Almost 100 St Margaret’s Anglican Girls School students and six teachers had their ponytails cut recently, while the school’s two dogs were clipped and coiffed, raising over $90,000 for cancer research and support.
The $90,000 raised adds to an eight-year tally that now exceeds half a million dollars in donations to the Cancer Council Queensland and the Minotti Trust, which was established to support the family of a St Margaret’s staff member who lost her life to cancer.
As for the ponytails, they have been made into countless wigs for patients suffering treatment hair loss.
School Co-Captain Holly Marchant said that her highlight was seeing the impact the initiative had on younger students.
“In the weeks leading up to the Ponytail Project, we sold raffle tickets for the chance to cut off a Prefect’s ponytail at our Ponytail Project assembly,” Holly said.
“A specific highlight for me was watching the excitement amongst the audience during this assembly when the raffle winners were cutting the Prefects’ hair.
“I could see the younger girls’ eyes light up, as they were inspired and enthused by the sacrifice the Prefects were making.
“I even heard some of the girls talking about what it will be like when they cut their hair in Year 12.
“To me this exemplified the enduring legacy of the Ponytail Project at St Margaret’s and throughout Australia, as it continues to grow in size and impact each year.
“While chopping off my ponytail was nerve-wracking and definitely outside of my comfort zone, knowing that my donation will help others to feel more confident in themselves is an inexplicable feeling.
“It was such a small sacrifice when you think about the positive impact that organisations such as The Cancer Council Queensland and the Minotti Trust have.”
The St Margaret’s school dog, Luna, and the Head of Primary School’s dog, Daisy, joined in for the first time this year, with both cavoodles clipped and coiffed by local groomer CC’s Pampered Pups.
Luna raised over $700 towards the overall fundraising total.
The students’ ponytails were cut by hairdressers Ink for Hair.
Principal Ros Curtis said that giving is a part of the St Margaret’s culture.
“We encourage our students to develop the practice of lifelong giving through philanthropic activities like the Ponytail Project,” Ms Curtis said.
“These opportunities empower the girls to experience how their actions can make a positive difference in the lives of others and inspire them to continue on a journey of giving into their adult lives.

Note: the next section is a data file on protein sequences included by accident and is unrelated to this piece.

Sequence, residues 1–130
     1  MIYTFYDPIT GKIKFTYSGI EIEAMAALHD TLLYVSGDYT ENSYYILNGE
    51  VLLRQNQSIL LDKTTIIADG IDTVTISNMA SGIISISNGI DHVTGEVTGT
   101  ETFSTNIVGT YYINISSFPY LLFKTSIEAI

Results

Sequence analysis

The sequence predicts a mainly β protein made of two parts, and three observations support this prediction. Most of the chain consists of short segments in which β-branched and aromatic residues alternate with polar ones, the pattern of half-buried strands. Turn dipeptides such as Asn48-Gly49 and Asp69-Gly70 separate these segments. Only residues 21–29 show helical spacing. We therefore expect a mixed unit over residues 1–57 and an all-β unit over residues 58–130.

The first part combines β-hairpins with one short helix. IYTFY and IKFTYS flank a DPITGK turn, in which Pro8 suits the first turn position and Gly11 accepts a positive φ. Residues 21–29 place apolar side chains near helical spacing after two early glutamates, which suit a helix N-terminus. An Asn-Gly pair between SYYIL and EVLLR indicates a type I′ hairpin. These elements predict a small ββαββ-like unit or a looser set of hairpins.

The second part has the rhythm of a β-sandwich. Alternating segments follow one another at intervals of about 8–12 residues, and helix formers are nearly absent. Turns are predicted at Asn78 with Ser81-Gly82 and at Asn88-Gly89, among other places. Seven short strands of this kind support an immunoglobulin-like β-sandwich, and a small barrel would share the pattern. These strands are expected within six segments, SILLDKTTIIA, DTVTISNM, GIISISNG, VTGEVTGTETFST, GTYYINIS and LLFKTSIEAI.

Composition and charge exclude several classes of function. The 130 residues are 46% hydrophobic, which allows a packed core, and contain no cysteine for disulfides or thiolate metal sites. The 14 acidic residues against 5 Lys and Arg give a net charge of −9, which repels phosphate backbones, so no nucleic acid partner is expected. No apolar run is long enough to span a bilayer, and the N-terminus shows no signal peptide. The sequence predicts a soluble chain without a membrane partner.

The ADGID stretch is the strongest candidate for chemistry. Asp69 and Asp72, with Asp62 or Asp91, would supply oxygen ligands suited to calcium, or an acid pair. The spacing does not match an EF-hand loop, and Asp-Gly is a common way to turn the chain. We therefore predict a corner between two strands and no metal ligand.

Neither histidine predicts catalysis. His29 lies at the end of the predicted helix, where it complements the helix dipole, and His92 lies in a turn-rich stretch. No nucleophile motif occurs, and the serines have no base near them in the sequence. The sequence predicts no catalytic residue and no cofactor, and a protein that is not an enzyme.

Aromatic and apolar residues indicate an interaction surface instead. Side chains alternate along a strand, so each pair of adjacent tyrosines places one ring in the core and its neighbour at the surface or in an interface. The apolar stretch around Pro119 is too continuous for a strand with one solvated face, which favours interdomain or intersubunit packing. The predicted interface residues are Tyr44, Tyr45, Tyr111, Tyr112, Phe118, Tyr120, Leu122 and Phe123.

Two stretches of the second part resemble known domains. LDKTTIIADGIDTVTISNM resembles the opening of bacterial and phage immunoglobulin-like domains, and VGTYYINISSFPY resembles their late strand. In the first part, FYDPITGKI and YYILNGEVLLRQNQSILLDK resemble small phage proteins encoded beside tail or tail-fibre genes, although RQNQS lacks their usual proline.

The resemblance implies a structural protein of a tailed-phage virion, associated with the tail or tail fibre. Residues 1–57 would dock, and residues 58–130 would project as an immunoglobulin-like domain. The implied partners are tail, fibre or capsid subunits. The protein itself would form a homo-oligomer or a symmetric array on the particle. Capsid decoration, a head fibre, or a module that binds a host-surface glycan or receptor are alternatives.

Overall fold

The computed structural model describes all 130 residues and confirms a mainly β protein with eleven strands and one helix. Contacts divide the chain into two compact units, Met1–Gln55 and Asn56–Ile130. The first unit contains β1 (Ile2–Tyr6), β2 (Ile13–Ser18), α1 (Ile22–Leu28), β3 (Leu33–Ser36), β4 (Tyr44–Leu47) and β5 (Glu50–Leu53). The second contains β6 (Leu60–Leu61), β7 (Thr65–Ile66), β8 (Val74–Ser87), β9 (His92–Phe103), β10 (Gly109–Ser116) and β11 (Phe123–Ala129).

“The Ponytail Project requires the girls to do much more than fundraise and donate money though. It requires the girls to give something of themselves – to donate their own hair.
“I am immensely proud of their willingness to do this in today’s age of technology and social media, where much emphasis can be placed on a young woman’s appearance.”
The Ponytail Project was first launched in 2015 by four St Margaret’s students after a member of the school community was diagnosed with cancer.
The students were so moved to help, they launched the student-led fundraising initiative called the Ponytail Project, believing that cutting off their ponytails was a small price to pay to support those impacted by cancer.
Sadly, in 2016, St Margaret’s students had even more reason to support the initiative after the loss of one of their beloved teachers, who was also a past student, to cancer.
The groundswell of support in the initiative’s first two years led the Ponytail Project to become an annual campaign for the St Margaret’s community.
In 2019, the movement was encouraged in schools state-wide after being adopted by Cancer Council Queensland.
Cancer Council Queensland General Manager, Fundraising, Marketing and Communication Meaghan Bush congratulated the students on another amazing effort.
“We are so grateful to St Margaret’s for their unparalleled support of the Ponytail Project since bringing it to life in 2015,” Ms Bush said.
“Every ponytail chopped makes an incredible impact, with funds raised going towards lifesaving cancer research and essential support services such as counselling, accommodation and transport services for people living with cancer.”